- A series of focus groups exploring professional responses to abusive partner disclosure around tech abuse
For Part 1. we aim to work directly with APIP providers and other organisations who assist abusive partners to implement co-designed discussion-based activities that explore tech abuse in greater depth. We have a great deal of expertise in researching this topic for the past five years and we would like to distribute this knowledge through co-designing a complementary tech abuse-based module or training session in existing APIPs/abusive partner interventions with providers. We feel that this could be especially handy for services looking to introduce tech abuse into their curriculum. In doing so, we hope to elicit insightful responses from abusive partners and insight from professional services in how they respond to disclosures.
For Part 2. we aim to gather professional service providers together together via a virtual focused group discussion around their experiences and perspectives on abusive partner disclosures on tech abuse. This will be coordinated across ENDGBV service providers using a video call.
Are there any potential risks involved?
This research resolves around asking questions about the use of violence which should always be handled with care and attention. I have been trained in the United Kingdom in working in intimate partner violence intervention contexts by the country’s largest vulnerable persons charity (NGO) Barnardo’s, and the intimate partner violence sector lead in working with abusers or ‘perpetrators; Respect UK. I also have a history of researching sensitive topics, has been granted approval for the handling of sensitive data and being present in multiple scenarios where emotional and distressing topics have been discussed.
For abusive partners, it may be challenging to discuss their use of harm and abuse against others. However, by ensuring that the co-designed module will not be the first module for a new group of abusive partners, hopefully this will mean that they may be more comfortable and confident to share their experiences with others, and by extension, professional service personnel including the lead researcher. Despite the sensitive topic of technology-facilitated abuse, their familiarity with discussions with the lead researcher’s co-facilitator and each other will help to mitigate the intensity of such material.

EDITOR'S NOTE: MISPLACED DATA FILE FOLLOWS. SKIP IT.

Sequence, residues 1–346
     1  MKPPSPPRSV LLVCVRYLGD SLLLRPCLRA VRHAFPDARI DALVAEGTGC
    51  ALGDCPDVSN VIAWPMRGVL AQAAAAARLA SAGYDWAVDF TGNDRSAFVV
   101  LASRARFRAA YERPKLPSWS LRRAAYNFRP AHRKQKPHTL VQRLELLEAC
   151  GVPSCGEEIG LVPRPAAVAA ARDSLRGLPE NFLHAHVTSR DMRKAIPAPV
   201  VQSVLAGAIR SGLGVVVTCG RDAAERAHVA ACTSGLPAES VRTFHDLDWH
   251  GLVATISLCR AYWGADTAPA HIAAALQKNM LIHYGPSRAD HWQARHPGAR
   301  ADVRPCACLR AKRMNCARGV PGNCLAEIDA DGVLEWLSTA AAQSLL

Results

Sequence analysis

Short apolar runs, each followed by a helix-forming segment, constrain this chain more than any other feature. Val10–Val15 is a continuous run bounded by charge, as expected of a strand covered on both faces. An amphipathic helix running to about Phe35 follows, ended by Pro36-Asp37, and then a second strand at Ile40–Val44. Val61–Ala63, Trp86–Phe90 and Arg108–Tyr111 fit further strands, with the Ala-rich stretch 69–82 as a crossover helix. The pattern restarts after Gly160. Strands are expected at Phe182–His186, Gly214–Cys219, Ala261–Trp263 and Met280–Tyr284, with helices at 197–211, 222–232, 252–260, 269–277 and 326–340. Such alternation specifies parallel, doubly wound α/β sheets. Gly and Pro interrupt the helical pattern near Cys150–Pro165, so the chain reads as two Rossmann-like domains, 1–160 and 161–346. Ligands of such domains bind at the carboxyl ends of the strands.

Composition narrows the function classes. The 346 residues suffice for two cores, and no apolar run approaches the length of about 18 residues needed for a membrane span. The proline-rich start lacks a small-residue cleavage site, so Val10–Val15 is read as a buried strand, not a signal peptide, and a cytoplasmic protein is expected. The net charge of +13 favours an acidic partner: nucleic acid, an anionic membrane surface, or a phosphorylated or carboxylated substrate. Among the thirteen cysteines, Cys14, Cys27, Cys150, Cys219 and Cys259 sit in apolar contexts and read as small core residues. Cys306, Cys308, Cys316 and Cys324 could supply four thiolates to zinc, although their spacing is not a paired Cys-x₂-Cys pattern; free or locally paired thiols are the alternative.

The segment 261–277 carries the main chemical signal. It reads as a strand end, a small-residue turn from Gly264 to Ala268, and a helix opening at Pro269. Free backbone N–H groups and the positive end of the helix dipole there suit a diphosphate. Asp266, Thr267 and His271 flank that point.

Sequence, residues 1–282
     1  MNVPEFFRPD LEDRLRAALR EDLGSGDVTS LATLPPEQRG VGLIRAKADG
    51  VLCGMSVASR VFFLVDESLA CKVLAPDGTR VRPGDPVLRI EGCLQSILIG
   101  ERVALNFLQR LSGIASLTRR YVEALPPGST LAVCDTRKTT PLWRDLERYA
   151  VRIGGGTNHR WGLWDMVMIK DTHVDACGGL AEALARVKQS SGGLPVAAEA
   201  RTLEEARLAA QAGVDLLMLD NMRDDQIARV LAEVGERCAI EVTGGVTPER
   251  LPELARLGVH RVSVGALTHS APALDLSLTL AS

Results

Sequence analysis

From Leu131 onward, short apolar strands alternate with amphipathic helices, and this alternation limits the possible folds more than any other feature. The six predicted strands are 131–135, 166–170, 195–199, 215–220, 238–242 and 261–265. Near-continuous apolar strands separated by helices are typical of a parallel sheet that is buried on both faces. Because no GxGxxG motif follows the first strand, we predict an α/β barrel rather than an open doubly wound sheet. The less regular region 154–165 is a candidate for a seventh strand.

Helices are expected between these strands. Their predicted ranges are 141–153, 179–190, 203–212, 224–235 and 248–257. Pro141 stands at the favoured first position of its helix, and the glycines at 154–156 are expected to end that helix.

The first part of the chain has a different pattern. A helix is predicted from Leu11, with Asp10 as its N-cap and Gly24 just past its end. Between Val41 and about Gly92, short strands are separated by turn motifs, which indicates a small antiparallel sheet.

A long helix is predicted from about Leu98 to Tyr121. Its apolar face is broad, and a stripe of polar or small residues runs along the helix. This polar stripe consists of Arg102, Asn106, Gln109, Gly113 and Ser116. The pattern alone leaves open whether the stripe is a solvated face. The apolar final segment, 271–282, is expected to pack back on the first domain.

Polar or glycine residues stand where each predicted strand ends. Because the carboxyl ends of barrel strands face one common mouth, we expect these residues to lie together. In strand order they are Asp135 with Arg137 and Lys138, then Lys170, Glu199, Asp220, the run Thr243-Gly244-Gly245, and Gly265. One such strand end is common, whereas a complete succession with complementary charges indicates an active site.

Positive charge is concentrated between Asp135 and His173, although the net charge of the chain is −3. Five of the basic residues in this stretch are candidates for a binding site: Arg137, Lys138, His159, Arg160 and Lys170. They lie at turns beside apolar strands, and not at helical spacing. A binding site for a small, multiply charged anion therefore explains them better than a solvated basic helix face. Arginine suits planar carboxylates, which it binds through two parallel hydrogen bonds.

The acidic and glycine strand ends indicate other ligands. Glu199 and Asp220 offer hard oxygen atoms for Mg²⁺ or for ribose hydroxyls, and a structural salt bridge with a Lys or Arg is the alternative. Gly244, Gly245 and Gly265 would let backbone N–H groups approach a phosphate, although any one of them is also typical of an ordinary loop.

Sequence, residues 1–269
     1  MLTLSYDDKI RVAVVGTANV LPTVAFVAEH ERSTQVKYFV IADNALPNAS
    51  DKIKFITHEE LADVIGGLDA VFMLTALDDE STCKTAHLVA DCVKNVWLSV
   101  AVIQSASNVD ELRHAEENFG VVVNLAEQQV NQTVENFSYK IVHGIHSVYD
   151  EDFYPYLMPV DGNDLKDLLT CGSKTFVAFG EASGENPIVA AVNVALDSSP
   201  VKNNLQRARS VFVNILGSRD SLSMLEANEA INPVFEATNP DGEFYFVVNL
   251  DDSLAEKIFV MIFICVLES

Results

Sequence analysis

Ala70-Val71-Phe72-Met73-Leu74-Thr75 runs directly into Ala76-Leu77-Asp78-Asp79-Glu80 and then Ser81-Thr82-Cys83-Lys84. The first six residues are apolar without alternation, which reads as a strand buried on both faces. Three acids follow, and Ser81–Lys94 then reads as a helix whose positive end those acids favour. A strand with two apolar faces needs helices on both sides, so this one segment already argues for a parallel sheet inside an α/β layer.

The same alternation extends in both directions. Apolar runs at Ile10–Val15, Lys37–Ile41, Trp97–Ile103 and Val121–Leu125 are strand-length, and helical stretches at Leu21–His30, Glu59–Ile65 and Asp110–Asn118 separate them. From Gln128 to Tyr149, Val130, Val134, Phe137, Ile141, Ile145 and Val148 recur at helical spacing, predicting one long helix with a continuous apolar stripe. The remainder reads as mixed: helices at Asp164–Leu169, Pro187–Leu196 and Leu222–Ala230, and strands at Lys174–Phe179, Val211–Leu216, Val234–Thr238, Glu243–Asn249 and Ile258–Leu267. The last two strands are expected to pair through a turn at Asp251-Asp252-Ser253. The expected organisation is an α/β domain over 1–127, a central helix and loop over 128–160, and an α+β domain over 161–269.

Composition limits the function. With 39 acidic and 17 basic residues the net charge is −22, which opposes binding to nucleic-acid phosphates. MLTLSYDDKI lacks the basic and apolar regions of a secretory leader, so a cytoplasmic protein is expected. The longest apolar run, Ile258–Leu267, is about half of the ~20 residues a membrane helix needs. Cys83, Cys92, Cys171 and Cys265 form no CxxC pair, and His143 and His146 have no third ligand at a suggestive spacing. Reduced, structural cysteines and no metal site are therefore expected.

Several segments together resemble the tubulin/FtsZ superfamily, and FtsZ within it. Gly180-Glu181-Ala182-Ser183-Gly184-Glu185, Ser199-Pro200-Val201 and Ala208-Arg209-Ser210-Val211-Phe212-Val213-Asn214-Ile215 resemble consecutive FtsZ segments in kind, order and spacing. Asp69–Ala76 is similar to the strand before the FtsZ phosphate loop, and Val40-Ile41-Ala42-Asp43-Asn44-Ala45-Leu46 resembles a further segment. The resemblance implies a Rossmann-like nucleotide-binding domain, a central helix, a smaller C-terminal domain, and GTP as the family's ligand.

For the discussion with professional services, discussion around violence and abuse will be likely familiar to you as part of your everyday work. It is anticipated that appropriate counselling or supervision around sensitive activities is already provided by your organisation. The benefit of this research will be to identify a gap in research and practice, and could also be an opportunity for you to showcase ‘what works’ with abusive partners in relation to tech abuse.
What will happen if I want to take part?
If you agree to take part in Part 1. of our study, I’ll be in touch over email around adapting our research to co-design a module on tech abuse that is in line with your curriculum, your organisational goals and your capacity (staff, resources).
If you agree to take part in Part 2. of our study, we shall be in touch about scheduling a focus group with your fellow professional services in the coming months.
Getting in touch
If you would like to get involved or discuss this project further, please send me an email at firstname.lastname@example.org. If you know someone else who would be interested in participating, please feel free to share this webpage.